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Mozart: String Quartet K428 (No 16); String Quintet K515 (No 3) /The Lindsays

W.A. Mozart Audio CD
5.0 out of 5 stars  See all reviews (2 customer reviews)


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MP3 Music, 8 Songs, 1997 --  
Audio CD, 1997 --  


Product Details

  • Audio CD (April 22, 1997)
  • Number of Discs: 1
  • Label: Asv Living Era
  • ASIN: B0000030XA
  • Average Customer Review: 5.0 out of 5 stars  See all reviews (2 customer reviews)
  • Amazon Best Sellers Rank: #110,836 in Music (See Top 100 in Music)

1. Str Qt No.16 in E flat, K428: First Movt: Allegro Non Troppo
2. Str Qt No.16 in E flat, K428: Second Movt: Andante Con Moto
3. Str Qt No.16 in E flat, K428: Third Movt: Menuetto-Allegro
4. Str Qt No.16 in E flat, K28: Fourth Movt: Allegro Vlvace
5. Str Qnt No.3 in C, K515: First Movt: Allegro
6. Str Qnt No.3 in C, K515: Second Movt: Menuetto-Allegretto
7. Str Qnt No.3 in C, K515: Third Movt: Andante
8. Str Qnt No.3 in C, K15: Fourth Movt: Allegro

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1 of 1 people found the following review helpful
Format:Audio CD|Verified Purchase
The quintet k515 is sunnier but no less profound than its angst ridden neighbor, the G minor
quintet k516. This pair is somewhat analogous to the G Minor/C Major symphonies-#s 40 and 41 on the horizon, though stereotyping is dangerous (e.g. the second movement of the Jupiter
is almost equally pain filled). The Lindsays play k515 at least as well as any competitor.
tempi sound apt, and they avoid a potential pitfall by not rushing the third movement Andante. In it, the repeated the violin/viola duet sounds like a sinfonia concertante-at least concertoesque- and requires bravura without excessive speed. The Amadeus Quartet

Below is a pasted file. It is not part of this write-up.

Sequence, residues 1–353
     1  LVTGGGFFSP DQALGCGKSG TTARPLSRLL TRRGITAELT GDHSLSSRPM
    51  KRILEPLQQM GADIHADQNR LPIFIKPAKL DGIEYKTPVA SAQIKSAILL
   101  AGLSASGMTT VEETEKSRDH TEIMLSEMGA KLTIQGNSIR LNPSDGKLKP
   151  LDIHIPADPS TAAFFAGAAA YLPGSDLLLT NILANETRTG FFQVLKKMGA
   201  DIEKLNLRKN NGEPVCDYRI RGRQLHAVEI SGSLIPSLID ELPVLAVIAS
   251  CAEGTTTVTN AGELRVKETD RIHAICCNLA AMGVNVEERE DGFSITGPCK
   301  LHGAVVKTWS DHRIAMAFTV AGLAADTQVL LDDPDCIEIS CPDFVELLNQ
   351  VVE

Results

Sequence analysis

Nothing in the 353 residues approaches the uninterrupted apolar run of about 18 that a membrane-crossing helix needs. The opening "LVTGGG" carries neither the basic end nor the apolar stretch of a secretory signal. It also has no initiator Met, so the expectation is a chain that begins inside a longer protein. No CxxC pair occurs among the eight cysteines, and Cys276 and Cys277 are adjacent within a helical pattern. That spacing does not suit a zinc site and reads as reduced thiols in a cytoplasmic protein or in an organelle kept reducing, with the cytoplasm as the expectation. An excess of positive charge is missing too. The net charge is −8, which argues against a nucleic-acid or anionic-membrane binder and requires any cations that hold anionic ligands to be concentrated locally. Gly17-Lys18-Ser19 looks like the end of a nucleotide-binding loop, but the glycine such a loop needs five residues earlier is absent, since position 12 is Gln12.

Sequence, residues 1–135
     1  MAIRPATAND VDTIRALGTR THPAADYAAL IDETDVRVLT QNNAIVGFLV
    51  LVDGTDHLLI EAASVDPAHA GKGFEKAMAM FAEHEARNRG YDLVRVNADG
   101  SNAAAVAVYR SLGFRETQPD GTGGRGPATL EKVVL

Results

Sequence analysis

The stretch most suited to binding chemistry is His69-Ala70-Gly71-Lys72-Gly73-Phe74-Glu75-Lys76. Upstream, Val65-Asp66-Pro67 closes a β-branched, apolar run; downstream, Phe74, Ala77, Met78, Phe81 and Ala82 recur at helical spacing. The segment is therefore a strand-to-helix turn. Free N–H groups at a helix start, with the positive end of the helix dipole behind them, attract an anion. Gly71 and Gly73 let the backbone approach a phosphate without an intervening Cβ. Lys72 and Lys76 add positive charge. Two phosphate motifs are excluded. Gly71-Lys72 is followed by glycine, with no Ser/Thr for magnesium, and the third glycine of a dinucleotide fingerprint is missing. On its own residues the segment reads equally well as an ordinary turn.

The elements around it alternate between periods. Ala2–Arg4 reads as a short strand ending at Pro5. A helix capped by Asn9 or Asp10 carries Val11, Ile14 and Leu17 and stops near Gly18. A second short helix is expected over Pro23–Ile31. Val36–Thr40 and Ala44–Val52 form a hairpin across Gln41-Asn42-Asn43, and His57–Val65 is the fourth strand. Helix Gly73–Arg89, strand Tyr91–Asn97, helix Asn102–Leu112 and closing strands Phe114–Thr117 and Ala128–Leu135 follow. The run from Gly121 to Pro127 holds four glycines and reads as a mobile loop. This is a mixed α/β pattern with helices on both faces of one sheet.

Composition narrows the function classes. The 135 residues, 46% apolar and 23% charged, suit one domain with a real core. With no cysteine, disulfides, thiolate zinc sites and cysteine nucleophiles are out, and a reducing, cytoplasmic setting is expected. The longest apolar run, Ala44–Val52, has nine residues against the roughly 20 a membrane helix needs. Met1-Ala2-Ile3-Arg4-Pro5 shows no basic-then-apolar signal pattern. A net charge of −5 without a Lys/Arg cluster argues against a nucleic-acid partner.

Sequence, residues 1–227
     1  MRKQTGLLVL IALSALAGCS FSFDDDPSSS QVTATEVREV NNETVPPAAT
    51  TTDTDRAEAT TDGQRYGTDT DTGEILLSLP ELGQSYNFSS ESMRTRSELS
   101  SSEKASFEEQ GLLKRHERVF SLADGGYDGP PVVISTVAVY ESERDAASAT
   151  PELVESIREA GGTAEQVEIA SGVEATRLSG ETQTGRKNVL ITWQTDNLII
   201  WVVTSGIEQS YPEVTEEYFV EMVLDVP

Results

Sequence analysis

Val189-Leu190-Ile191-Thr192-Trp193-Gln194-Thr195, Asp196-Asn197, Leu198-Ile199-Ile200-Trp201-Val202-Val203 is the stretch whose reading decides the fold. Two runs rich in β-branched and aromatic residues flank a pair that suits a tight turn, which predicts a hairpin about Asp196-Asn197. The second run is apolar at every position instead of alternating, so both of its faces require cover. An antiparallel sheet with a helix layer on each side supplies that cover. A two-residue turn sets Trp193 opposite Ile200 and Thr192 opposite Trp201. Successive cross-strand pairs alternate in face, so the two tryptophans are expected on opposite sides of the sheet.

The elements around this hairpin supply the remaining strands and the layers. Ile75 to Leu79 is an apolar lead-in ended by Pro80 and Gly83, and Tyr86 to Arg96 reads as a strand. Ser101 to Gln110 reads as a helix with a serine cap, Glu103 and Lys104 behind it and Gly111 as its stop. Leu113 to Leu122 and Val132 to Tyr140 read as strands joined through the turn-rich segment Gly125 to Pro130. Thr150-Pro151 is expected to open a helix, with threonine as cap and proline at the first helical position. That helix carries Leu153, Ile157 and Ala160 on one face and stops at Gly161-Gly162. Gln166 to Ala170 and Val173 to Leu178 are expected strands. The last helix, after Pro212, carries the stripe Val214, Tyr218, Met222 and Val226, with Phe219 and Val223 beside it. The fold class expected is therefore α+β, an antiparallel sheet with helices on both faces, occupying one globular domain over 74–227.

sped in their second recording but not on their earlier 50s version now on DG Original Masters. I was weaned on the Barylli Quartet reading which is slower than the Lindsays and
Amadeus, so it remains in my brain pan, causing suspicion of third movement speed. The Lindsays finale, however, is exhilarating.
k428 is equally well played. The first movement observes both the "allegro" and "non troppo" instructions. It also contains partially a development theme which recurs in the piano concerto #17 k453. The third movement Menuetto avoids slog, while the Finale is a tour de force.

peers: k515: Grumiaux Ensemble/Philips, Smetana Quartet/Denon, Barylli Qiartet/Westminster Japan, Tokyo Quartet/RCA, Talich Quartet/Calliope, Amadeus Q/DG Original Masters (not the later DG remake)

k428: Smetana Q/Denon, Emerson Q/DG, Amadeus Q/DG, Italiano/Philips
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5.0 out of 5 stars Superlative Mozart chamber music July 24, 2014
Format:Audio CD
Peter Cropper and the Lindsay String Quintet join Wilhelm Furtwängler, Bruno Walter, Artur Schnabel, Hans Hotter, and a few others as the greatest performing artists in the era of recorded music. Their Beethoven quartets are famous and their Schubert is just as good. I recently bought some of their Mozart and found the same intensity, mental concentration, intimate dialogue between four individuals, and the feeling that I’m sitting in on a private performance for a few friends. But here is the best part: their Mozart does not sound at all like their Beethoven or their Schubert. There is no attempt to “modernize” or “romanticize” the music. This is late-18th century music, performed with the seriousness it deserves because here are two of Mozart’s finest compositions: the K. 428 E flat major Quartet with its thrilling slow movement and the incomparable K. 515 C major Quintet. Their tempos are a little bit faster than other top-notch recordings of the 1970-2000 era (Chilingirian, Grumiaux), adding to the intensity but never feeling rushed. For the Quintet, they enlisted the outstanding violist, Louise Williams. Kudos also to the contribution of Martin Haskell, the recording engineer from ASV (which, as far as I’m concerned, stands for Amazing Sound and Vitality). I must disagree with various reviewers (of other Lindsay CDs) who have nitpicked the Lindsays’ technique, polish, or beauty of tone in contrast to their indisputable “heart” and knowledge of the music. To me, this is one of those myths like “Schubert could not write a proper sonata movement. Read more ›
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